RUSSIAN author Anton Chekhov said: “Any idiot can face a crisis – it’s this day-to-day living that wears you out.’’
Our penchant for comparing ourselves with the people next door, like our tendency to grow bored with the things that we acquire, seems to be a deeply rooted human trait.
Happiness is, according to some researchers, 50 percent genetic. What you do with the other half of the happiness challenge depends on attitude.
The Spanish conqueror Abd Er-Rahman III observed about 1200 years ago: “I have now reigned about 50 years in victory or peace, beloved by my subjects, dreaded by my enemies, and respected by my allies.
“Riches and honors, power and pleasure, have waited on my call. Nor does any earthly blessing appear to have been wanting to my felicity.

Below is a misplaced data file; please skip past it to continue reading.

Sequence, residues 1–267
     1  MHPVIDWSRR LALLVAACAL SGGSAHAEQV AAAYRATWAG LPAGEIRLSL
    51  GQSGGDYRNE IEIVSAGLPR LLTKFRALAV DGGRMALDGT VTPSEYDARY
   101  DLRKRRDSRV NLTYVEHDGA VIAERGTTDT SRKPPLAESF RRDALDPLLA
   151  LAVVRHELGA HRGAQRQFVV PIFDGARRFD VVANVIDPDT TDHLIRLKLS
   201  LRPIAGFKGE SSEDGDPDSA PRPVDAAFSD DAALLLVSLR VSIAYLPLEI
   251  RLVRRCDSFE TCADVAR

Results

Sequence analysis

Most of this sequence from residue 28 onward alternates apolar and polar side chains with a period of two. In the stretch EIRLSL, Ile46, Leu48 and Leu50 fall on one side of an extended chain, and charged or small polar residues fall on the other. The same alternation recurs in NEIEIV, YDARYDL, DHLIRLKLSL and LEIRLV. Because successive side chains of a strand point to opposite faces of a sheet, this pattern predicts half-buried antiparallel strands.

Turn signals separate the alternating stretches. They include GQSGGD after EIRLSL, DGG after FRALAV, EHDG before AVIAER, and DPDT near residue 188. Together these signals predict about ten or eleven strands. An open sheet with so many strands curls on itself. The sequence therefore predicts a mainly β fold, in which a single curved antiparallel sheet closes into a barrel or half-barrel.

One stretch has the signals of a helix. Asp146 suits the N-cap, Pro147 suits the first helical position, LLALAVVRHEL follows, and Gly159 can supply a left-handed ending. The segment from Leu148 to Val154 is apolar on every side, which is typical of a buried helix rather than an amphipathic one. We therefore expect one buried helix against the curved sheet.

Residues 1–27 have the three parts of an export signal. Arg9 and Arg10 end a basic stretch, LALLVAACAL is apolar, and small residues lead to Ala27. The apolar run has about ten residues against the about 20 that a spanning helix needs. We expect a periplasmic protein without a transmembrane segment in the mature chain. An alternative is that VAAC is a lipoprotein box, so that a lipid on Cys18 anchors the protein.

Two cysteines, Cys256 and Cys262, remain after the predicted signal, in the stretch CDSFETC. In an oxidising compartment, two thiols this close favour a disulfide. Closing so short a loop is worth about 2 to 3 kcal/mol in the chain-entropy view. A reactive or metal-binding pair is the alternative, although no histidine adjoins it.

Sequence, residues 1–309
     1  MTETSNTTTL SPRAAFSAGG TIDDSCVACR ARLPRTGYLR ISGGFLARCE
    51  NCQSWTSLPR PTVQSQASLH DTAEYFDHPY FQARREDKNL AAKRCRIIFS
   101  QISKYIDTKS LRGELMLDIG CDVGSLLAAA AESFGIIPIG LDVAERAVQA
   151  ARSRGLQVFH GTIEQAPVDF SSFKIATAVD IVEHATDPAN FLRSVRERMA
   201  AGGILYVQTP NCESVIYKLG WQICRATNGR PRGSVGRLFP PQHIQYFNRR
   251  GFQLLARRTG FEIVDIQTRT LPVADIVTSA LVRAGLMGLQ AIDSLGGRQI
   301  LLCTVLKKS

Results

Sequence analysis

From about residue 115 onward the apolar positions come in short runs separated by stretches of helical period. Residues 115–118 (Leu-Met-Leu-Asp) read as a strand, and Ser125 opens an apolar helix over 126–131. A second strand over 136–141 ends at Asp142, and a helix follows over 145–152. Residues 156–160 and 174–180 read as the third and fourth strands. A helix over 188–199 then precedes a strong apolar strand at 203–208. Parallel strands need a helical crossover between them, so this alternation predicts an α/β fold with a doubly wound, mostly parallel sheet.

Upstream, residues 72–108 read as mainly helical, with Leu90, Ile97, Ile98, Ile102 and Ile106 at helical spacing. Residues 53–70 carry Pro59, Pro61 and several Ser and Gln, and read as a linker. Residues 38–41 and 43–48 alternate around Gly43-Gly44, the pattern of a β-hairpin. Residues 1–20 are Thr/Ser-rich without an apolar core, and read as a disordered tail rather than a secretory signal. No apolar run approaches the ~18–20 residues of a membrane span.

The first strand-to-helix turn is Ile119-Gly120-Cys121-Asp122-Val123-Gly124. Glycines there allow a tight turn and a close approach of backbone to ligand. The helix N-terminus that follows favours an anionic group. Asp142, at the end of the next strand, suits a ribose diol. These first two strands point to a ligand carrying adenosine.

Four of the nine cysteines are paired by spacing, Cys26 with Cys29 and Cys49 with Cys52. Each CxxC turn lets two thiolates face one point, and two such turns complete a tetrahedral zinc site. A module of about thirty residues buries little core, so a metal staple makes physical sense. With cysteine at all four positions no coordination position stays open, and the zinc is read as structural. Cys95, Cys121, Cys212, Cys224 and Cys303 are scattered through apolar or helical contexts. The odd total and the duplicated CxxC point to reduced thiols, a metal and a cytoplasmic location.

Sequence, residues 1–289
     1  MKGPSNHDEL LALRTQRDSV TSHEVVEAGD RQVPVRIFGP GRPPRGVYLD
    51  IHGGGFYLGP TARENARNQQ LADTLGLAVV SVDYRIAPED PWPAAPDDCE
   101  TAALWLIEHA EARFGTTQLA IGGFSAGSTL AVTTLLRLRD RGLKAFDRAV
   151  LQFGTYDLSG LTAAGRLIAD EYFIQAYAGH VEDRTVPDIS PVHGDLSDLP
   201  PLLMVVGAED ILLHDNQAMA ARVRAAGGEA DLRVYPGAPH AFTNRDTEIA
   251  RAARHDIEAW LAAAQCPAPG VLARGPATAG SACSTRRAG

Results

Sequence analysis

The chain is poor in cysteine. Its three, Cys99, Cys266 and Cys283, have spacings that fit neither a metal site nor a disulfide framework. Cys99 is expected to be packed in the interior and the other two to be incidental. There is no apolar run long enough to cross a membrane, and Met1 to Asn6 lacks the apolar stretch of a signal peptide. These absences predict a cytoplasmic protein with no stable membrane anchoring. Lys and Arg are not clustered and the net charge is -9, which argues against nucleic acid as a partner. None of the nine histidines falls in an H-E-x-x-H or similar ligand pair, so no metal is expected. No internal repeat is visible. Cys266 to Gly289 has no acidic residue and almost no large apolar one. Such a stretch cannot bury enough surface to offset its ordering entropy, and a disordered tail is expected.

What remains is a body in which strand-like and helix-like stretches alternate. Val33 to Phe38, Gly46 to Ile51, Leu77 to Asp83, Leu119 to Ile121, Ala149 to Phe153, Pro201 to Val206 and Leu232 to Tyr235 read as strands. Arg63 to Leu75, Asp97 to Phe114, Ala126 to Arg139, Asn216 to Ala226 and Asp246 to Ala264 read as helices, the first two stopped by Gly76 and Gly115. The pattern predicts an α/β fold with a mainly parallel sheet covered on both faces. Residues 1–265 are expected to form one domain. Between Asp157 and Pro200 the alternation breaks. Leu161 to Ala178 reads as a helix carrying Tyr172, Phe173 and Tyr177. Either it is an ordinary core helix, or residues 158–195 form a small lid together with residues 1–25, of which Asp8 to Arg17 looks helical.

“In this situation, I have diligently numbered the days of pure and genuine happiness which have fallen to my lot. They amount to 14.’’
How different is the attitude of poet William Blake who said happiness was daily seeing “a world in a grain of sand’’ and “heaven in a wildflower’’.
The people who are happiest seems to be those who are both poets and realists. They know happiness doesn’t depend on what we think they deserve.
They aren’t bothered by the success of others because they know life isn’t always fair.
As Abraham Lincoln said: “Most people are as happy as they make up their minds to be.
Lincoln advised being grateful, practising random acts of kindness, forgiving our enemies and noticing life’s small pleasures was part of the secret.
Happiness doesn’t depend on what you have, but what you think you have.